Ciencia habilitada por datos de especímenes

Marshall, B. M., C. T. Strine, C. S. Fukushima, P. Cardoso, M. C. Orr, and A. C. Hughes. 2022. Searching the web builds fuller picture of arachnid trade. Communications Biology 5.

Wildlife trade is a major driver of biodiversity loss, yet whilst the impacts of trade in some species are relatively well-known, some taxa, such as many invertebrates are often overlooked. Here we explore global patterns of trade in the arachnids, and detected 1,264 species from 66 families and 371 genera in trade. Trade in these groups exceeds millions of individuals, with 67% coming directly from the wild, and up to 99% of individuals in some genera. For popular taxa, such as tarantulas up to 50% are in trade, including 25% of species described since 2000. CITES only covers 30 (2%) of the species potentially traded. We mapped the percentage and number of species native to each country in trade. To enable sustainable trade, better data on species distributions and better conservation status assessments are needed. The disparity between trade data sources highlights the need to expand monitoring if impacts on wild populations are to be accurately gauged and the impacts of trade minimised. Trade in arachnids includes millions of individuals and over 1264 species, with over 70% of individuals coming from the wild.

Sopniewski, J., B. C. Scheele, and M. Cardillo. 2022. Predicting the distribution of Australian frogs and their overlap with Batrachochytrium dendrobatidis under climate change X. Liu [ed.],. Diversity and Distributions 28: 1255–1268.

Aim Amphibians, with over 40% of assessed species listed as threatened, are disproportionately at risk in the global extinction crisis. Among the many factors implicated in the ongoing loss of amphibian biodiversity are climate change and the disease chytridiomycosis, caused by the fungus Batrachochytrium dendrobatidis (Bd). These threats are of particular concern in Australia, where Bd has been implicated in the declines of at least 43 frog species, and climate change is emerging as an additional threat. We explore how climate change is likely to affect the distributions of Australian frog species and Bd to the year 2100, and how the spatial and climatic niche overlap between chytridiomycosis-declined frogs and Bd could shift. Location Australia. Methods We used species distribution modelling to infer the current and future distribution of 141 Australian frog species and Bd, under two emissions scenarios. We used various metrics of niche similarity to quantify predicted alterations to spatial interactions between Bd and frog species. Results Climate change is likely to have a variable impact on frog distributions in Australia, with some 23 and 47 species, primarily in southern Australia, predicted to lose at least 30% of their current distributions under low and high emissions scenarios, respectively. In contrast, 69 and 68 species, respectively, have potential to increase their distributions, primarily in northern Australia. While the distribution of Bd is predicted to decrease, the proportional spatial and niche overlap between Bd and susceptible frog species is predicted to remain little changed, and in some cases, to increase. Main conclusions Although effects will be variable across the continent, climate change is likely to be a threatening factor to many Australian frog species. Additionally, chytridiomycosis is likely to remain a significant threat to many frog species, as any reductions to the pathogen's distribution largely coincide with geographic range contractions of chytridiomycosis-susceptible species.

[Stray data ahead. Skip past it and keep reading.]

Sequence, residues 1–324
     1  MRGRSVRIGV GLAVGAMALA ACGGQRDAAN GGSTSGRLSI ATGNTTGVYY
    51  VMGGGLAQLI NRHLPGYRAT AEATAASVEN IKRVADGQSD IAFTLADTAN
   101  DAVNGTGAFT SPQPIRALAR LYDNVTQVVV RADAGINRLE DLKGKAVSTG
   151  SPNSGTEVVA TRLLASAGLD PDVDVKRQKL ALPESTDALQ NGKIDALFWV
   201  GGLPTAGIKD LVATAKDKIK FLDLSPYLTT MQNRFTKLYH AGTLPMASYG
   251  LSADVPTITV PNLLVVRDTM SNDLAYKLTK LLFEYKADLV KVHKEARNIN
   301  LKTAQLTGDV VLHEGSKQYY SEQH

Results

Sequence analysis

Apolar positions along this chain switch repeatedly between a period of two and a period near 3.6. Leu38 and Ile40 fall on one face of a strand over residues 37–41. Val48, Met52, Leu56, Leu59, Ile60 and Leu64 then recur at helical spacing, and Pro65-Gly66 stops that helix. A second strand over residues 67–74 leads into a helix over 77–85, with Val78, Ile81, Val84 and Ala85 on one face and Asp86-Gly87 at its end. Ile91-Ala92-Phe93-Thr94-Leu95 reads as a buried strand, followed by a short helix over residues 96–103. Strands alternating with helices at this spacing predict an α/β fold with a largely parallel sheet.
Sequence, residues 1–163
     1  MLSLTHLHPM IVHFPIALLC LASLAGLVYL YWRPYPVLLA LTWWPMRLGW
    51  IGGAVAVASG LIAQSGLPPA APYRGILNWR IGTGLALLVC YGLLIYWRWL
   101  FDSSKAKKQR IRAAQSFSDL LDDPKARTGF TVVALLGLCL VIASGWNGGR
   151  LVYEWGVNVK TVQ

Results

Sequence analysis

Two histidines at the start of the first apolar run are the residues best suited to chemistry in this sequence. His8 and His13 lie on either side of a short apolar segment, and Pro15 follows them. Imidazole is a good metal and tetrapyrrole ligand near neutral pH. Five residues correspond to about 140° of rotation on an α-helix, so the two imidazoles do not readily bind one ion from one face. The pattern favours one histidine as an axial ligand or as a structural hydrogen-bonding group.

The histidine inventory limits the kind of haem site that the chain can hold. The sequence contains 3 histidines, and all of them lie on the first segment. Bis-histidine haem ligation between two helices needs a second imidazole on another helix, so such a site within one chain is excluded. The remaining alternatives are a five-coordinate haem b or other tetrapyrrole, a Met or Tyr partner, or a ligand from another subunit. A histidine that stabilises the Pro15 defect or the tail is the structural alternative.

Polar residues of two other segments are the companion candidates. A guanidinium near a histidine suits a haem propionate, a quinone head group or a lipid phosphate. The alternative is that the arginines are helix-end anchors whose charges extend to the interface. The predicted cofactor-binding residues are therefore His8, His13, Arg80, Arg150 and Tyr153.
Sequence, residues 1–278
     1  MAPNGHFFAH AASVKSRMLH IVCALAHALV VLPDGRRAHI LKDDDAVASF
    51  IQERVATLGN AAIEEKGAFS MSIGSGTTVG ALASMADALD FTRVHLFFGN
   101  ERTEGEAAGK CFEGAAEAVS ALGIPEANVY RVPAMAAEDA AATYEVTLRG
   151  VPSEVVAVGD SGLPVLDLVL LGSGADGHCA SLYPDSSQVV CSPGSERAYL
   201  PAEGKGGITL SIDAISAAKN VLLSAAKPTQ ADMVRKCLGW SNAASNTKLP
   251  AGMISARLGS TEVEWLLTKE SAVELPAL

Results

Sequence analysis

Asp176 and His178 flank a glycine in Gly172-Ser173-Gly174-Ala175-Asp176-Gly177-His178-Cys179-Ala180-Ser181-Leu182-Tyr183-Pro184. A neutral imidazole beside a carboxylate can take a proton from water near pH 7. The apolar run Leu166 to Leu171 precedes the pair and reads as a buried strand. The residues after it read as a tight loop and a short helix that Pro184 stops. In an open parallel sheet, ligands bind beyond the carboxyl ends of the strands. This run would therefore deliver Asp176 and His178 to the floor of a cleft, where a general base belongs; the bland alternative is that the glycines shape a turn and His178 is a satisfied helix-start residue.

Li, X., B. Li, G. Wang, X. Zhan, and M. Holyoak. 2020. Deeply digging the interaction effect in multiple linear regressions using a fractional-power interaction term. MethodsX 7: 101067.

In multiple regression Y ~ β0 + β1X1 + β2X2 + β3X1 X2 + ɛ., the interaction term is quantified as the product of X1 and X2. We developed fractional-power interaction regression (FPIR), using βX1M X2N as the interaction term. The rationale of FPIR is that the slopes of Y-X1 regression along the X2 gr…

Scharff, N., J. A. Coddington, T. A. Blackledge, I. Agnarsson, V. W. Framenau, T. Szűts, C. Y. Hayashi, and D. Dimitrov. 2019. Phylogeny of the orb‐weaving spider family Araneidae (Araneae: Araneoidea). Cladistics 36: 1–21.

We present a new phylogeny of the spider family Araneidae based on five genes (28S, 18S, COI, H3 and 16S) for 158 taxa, identified and mainly sequenced by us. This includes 25 outgroups and 133 araneid ingroups representing the subfamilies Zygiellinae Simon, 1929, Nephilinae Simon, 1894, and the typ…

Piel, W. H. 2018. The global latitudinal diversity gradient pattern in spiders. Journal of Biogeography 45: 1896–1904.

Aim: The aim of this study was to test the hypothesis that the global latitudinal diversity gradient pattern in spiders is pear‐shaped, with maximum species diversity shifted south of the Equator, rather than egg‐shaped, centred on the equator, this study infers the gradient using two large datasets…